Get A Glimpse Behind The Grant Panel Curtain

As if he wasn’t already bringing his A-Game on a regular basis, Joe Patti recently published an article at Butts In The Seats that provides a behind the scenes look at one of the more cloistered processes in the business: the grant panel review process.

If that weren’t a good enough topic in and of itself, it’s wrapped inside the context of barriers to engagement; both perceived and tactile.

I mentioned that something that can’t be discounted was the impact a renovation to the physical spaces of the facility had on the community…I went on to talk about the pre-renovation experience where the line to the women’s restroom in our facility was so long that it extended out the front door and the men’s room often had to be closed to men in order to accommodate women. Still intermission would need to be extended. I spoke about the restroom renovation garnering the most effusive response from people…My mention of the impact of the renovations met with some criticism by the panel. What annoyed me most about this was that the panel was comprised of artists or those associated with arts entities drawn from throughout the state.  I could understand if panelists drawn from the general public didn’t understand the importance of the physical environment in arts and cultural experiences.

It’s a thought provoking read and well worth your time.

Door To Seat As Important As The Quality Of The Event

I’m very curious to hear from readers who have been on both sides of that table, as Joe has, experiencing the process as an org seeking a grant and a panelist tasked with reviewing applications and ranking award candidates.

About Drew McManus

"I hear that every time you show up to work with an orchestra, people get fired." Those were the first words out of an executive's mouth after her board chair introduced us. That executive is now a dear colleague and friend but the day that consulting contract began with her orchestra, she was convinced I was a hatchet-man brought in by the board to clean house.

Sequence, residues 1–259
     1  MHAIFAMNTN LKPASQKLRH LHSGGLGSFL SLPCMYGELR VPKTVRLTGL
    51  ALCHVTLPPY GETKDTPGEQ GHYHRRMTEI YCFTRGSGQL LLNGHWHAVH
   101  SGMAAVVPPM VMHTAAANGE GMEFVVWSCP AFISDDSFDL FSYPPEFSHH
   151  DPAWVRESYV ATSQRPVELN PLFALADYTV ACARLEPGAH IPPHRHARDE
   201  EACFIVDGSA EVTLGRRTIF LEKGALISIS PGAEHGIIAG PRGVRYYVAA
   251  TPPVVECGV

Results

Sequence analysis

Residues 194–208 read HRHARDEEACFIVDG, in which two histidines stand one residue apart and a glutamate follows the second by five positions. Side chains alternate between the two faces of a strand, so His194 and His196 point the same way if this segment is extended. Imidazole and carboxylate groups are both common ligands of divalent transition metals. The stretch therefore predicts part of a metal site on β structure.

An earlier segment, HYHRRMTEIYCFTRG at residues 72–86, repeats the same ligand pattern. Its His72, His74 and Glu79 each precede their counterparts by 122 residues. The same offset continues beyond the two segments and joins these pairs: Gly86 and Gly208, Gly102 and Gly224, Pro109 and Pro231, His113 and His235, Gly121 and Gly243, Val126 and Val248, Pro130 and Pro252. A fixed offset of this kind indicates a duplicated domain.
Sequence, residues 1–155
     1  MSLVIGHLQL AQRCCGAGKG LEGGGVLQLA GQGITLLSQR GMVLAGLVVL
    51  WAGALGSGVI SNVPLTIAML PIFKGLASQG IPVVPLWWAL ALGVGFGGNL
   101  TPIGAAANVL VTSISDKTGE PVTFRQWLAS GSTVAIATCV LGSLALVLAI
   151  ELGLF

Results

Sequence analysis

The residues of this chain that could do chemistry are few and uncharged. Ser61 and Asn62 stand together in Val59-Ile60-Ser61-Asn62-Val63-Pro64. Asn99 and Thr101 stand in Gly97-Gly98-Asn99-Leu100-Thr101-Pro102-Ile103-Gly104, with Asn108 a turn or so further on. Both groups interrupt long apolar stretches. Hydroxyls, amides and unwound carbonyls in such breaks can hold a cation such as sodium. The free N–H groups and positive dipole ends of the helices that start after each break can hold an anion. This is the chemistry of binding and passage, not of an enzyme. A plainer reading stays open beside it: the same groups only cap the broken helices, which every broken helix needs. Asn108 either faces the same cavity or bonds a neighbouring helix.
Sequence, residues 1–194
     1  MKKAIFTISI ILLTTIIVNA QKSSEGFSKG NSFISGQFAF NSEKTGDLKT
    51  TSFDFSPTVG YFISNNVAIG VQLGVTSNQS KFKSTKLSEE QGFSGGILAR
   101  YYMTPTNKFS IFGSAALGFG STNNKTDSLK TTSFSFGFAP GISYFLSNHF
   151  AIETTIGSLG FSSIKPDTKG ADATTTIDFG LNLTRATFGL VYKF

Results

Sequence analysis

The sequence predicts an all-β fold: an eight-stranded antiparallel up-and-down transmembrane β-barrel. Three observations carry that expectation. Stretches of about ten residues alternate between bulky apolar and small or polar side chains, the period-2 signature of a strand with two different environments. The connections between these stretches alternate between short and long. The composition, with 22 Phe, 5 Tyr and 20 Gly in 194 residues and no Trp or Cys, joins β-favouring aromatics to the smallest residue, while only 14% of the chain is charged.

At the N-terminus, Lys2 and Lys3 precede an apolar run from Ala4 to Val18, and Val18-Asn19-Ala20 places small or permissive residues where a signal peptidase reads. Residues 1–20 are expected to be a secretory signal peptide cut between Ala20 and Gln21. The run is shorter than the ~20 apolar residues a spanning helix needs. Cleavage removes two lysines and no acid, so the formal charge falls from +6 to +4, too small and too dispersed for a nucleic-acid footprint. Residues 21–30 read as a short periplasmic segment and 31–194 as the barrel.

I understand where the trepidation comes from as a great deal of my consulting and technology provider work for arts organizations involves due diligence, separating fact from fiction, interpreting spin, as well as performance review and oversight. So yes, sometimes that work results in one or two individuals "aggressively embracing career change" but far more often than not, it reinforces and clarifies exactly what works and why.

In short, it doesn't matter if you know where all the bodies are buried if you can't keep your own clients out of the ground, and I'm fortunate enough to say that for more than 15 years, I've done exactly that for groups of all budget size from Qatar to Kathmandu.

For fun, I write a daily blog about the orchestra business, provide a platform for arts insiders to speak their mind, keep track of what people in this business get paid, help write a satirical cartoon about orchestra life, hack the arts, and love a good coffee drink.

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